Herbert Hoover’s First Lady

On August 10, 1874, Herbert Clark Hoover was born in West Branch, Iowa. Jesse Clark Hoover and Hulda Randall Minthorn were born in this area, primarily inhabited by Quakers, as were the Hoovers. He was one of Jesse and Hulda’s three brothers, the others being his brother Theodore Jesse and sister Mary Blanche. Jesse, Herbert’s father, died in 1880 when Herbert was only four years old. Herbert’s mother, Hulda, died only four years later, in 1884, leaving Herbert and his siblings orphans.

He was a successful engineer and humanitarian who raised two gifted children with his extraordinary wife, Lou Henry Hoover. His early success aided his 1899 marriage to Lou, who later joined him on his Asian journeys. She learned Mandarin Chinese there, one of many languages she would learn in her life. They were blessed with two sons, Herbert Jr. and Allan, born in London in 1903 and 1907, respectively, while their father transitioned his business from China to England.

Lou Hoover was more than a wife; she was Herbert Hoover’s business partner and the humanitarian work he oversaw under President Woodrow Wilson’s orders during and after World War I. Hoover managed the Belgian Commission for Relief, the United States Food Administration, and the American Relief Administration, all of which may have saved the lives of roughly twenty million Europeans between 1915 and 1923.

Lou Henry Hoover

On March 29, 1874, Lou Henry was born in Waterloo, Iowa. She was Charles and Florence Weed Henry’s firstborn child. Her father, Charles, was a banker, and her mother, Florence, was a stay-at-home mom. Charles Henry was one of the founders of a new bank in Whittier, California when the Henry family moved west in 1885. In 1892, the family relocated to Monterey, California, where Charles joined another bank.

Lou, who attended Waterloo and Shell Rock public schools, loved camping and fishing and had a profound respect for her home state’s natural and wildlife state. She was described to stood five foot and eight inches with blue eyes and light brown hair.

She was also interested in broader public issues as a young woman. At the age of fourteen, it was evidenced by two school essays she wrote titled “Universal Suffrage” and “The Independent Girl.” Her scholarly pursuit of geology was encouraged following a Stanford University professor’s lecture on the subject during a short time when she was working as a clerk in the bank run by her father in Monterey for a year. She had a professional view on the field as both a student and the wife of a specialist in the field; she later became a member of the Women’s Auxiliary of the American Institute of Mining and Metallurgical Engineers, despite never having worked as a miner or geologist.

Her adviser, J.C. Branner, introduced Lou Henry to his aide, senior class member Herbert Hoover, during her first year at Stanford. They shared not only an Iowa connection but also a passion for geology and fishing. Following graduation, Hoover worked as a gold miner for a British mining firm in Australia. Herbert Hoover rose through the company’s ranks, earning ever-increasing wages and becoming a millionaire at a young age.

He sent Lou Henry a telegram from Australia, asking her to marry him, which she gladly accepted. Father Ramon Mestres of the San Carlos Borromeo Mission, a Roman Catholic priest, conducted the Hoovers in a civil ceremony. Neither a Quaker nor an Episcopal minister was available to perform their wedding. In the interim, Herbert Hoover accepted the young Chinese Emperor’s offer to be Director-General of the Chinese Government’s Department of Mines following her graduation. They rode the ferry to San Francisco later that day. They set out for China the next day, on February 11, 1899.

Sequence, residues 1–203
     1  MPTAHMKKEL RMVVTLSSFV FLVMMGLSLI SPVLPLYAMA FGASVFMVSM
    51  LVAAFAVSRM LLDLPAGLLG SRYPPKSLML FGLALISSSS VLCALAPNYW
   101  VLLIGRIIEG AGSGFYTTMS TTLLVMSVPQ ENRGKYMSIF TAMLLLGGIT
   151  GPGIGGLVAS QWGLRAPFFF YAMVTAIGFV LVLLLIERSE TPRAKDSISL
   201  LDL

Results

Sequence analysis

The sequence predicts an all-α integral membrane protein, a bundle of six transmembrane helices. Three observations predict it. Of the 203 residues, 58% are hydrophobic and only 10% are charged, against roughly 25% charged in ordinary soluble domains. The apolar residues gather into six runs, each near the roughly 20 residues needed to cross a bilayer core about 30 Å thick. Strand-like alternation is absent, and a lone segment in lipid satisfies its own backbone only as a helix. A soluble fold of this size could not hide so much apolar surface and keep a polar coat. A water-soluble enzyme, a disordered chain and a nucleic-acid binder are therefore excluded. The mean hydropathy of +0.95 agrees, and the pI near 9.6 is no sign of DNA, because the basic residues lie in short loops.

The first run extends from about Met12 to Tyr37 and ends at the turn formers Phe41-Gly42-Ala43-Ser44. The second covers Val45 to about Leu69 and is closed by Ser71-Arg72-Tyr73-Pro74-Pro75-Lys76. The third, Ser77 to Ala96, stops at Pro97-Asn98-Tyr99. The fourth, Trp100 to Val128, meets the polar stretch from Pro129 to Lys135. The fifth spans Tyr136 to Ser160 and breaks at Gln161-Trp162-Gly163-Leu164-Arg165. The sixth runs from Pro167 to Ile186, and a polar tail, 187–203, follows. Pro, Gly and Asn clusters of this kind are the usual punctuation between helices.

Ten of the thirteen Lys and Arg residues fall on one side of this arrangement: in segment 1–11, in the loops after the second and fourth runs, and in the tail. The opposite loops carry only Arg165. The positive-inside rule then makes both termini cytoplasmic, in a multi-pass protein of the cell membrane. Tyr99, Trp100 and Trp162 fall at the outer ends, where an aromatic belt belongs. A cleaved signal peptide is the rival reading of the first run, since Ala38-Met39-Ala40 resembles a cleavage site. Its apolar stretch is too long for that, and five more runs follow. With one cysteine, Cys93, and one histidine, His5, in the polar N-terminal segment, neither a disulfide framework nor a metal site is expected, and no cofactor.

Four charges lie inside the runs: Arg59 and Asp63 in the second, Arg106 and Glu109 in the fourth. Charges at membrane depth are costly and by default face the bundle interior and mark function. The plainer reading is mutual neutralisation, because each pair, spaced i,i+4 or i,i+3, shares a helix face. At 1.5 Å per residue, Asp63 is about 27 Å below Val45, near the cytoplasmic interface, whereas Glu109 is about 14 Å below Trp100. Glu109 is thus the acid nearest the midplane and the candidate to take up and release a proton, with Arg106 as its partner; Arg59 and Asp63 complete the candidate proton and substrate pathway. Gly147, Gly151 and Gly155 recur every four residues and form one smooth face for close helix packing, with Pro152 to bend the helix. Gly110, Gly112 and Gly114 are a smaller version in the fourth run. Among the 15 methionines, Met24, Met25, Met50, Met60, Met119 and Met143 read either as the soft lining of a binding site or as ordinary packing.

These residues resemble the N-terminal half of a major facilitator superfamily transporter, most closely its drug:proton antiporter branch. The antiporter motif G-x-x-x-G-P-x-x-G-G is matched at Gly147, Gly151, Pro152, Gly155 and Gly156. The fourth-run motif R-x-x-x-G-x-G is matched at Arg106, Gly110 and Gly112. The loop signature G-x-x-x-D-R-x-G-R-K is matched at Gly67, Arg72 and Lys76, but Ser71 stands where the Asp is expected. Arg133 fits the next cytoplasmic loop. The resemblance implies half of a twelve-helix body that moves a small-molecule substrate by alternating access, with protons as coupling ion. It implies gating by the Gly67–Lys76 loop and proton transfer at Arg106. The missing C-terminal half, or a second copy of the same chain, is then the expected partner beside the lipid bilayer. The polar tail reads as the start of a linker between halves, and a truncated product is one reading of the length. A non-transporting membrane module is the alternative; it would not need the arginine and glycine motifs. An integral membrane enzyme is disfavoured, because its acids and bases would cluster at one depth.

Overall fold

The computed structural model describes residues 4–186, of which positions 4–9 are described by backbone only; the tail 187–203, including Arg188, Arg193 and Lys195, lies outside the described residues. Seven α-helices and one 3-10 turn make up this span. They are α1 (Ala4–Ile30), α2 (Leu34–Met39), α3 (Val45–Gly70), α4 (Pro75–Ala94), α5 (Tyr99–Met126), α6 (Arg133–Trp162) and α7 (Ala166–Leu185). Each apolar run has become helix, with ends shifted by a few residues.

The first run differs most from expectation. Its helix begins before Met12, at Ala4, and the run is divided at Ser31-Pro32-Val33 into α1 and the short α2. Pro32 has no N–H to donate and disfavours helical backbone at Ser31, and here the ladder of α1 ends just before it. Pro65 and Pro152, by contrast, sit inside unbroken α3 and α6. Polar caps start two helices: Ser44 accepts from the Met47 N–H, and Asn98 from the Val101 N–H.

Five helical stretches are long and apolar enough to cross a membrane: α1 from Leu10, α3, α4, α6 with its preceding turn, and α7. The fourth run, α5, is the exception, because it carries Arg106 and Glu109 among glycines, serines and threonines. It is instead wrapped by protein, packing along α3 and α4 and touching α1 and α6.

Girl Scout Movement

In the 1920s, she was also very involved in the Girl Scout movement, devoting many hours and energy. Lou was a troop leader, a member of the Washington Girl Scout Council. She also became the GSA president twice, once in the 1920s and once in the 1930s. The GSA leadership approved a national initiative to bake and sell cookies to support scouting during her second term.

Lou Hoover was drawn to the movement because it could mobilize thousands of healthy young women to respond to crises and disasters, which she had firsthand experience with during World War I.

Life as the First Lady

Lou Hoover was a well-known figure. Also, she became the first First Lady to speak on the radio, despite not giving many speeches or giving interviews. 

Lou Hoover chose to limit her adult life of public activism when she became First Lady despite her extensive record of activism, public speaking, fundraising, and a high level of conscientious professionalism in everything she did before becoming First Lady. Her short address to the Daughters of the American Revolution on April 19, 1929, was broadcast on the radio just over a month after becoming First Lady.

She sparked some debate by inviting Jesse DePriest, an African American congressman’s wife, to tea at the White House. Lou had no reservations about asking Jessie DePriest; her only concern was how to deal with any white segregationists who might object or mistreat their fellow congressional spouse.

Her most recent visits to Iowa were during her husband’s two presidential campaigns. In 1928, she accompanied him on trips to Cedar Rapids and West Branch, and in 1932, she accompanied him to Des Moines. She didn’t return to Iowa after that.

Lou Hoover was looking forward to spending more time in California after the Hoovers left Washington, D.C. in 1933. The Hoovers started to split their time between Palo Alto and New York City in the late 1930s. She had an acute heart attack on January 7, 1944, from which she did not recover.